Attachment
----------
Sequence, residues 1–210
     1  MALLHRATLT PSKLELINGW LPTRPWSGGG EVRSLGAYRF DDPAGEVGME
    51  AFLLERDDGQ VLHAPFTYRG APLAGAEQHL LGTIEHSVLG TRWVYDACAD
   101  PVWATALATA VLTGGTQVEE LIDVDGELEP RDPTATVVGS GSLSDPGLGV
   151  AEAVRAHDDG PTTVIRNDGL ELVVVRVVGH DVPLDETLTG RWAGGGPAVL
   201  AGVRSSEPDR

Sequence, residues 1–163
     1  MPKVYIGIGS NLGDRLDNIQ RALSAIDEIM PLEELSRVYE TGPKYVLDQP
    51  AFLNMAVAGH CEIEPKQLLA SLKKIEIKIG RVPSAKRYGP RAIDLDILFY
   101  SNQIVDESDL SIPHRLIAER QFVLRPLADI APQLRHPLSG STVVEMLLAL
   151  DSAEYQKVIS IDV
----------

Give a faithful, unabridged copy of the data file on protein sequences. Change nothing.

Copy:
Sequence, residues 1–210
     1  MALLHRATLT PSKLELINGW LPTRPWSGGG EVRSLGAYRF DDPAGEVGME
    51  AFLLERDDGQ VLHAPFTYRG APLAGAEQHL LGTIEHSVLG TRWVYDACAD
   101  PVWATALATA VLTGGTQVEE LIDVDGELEP RDPTATVVGS GSLSDPGLGV
   151  AEAVRAHDDG PTTVIRNDGL ELVVVRVVGH DVPLDETLTG RWAGGGPAVL
   201  AGVRSSEPDR

Sequence, residues 1–163
     1  MPKVYIGIGS NLGDRLDNIQ RALSAIDEIM PLEELSRVYE TGPKYVLDQP
    51  AFLNMAVAGH CEIEPKQLLA SLKKIEIKIG RVPSAKRYGP RAIDLDILFY
   101  SNQIVDESDL SIPHRLIAER QFVLRPLADI APQLRHPLSG STVVEMLLAL
   151  DSAEYQKVIS IDV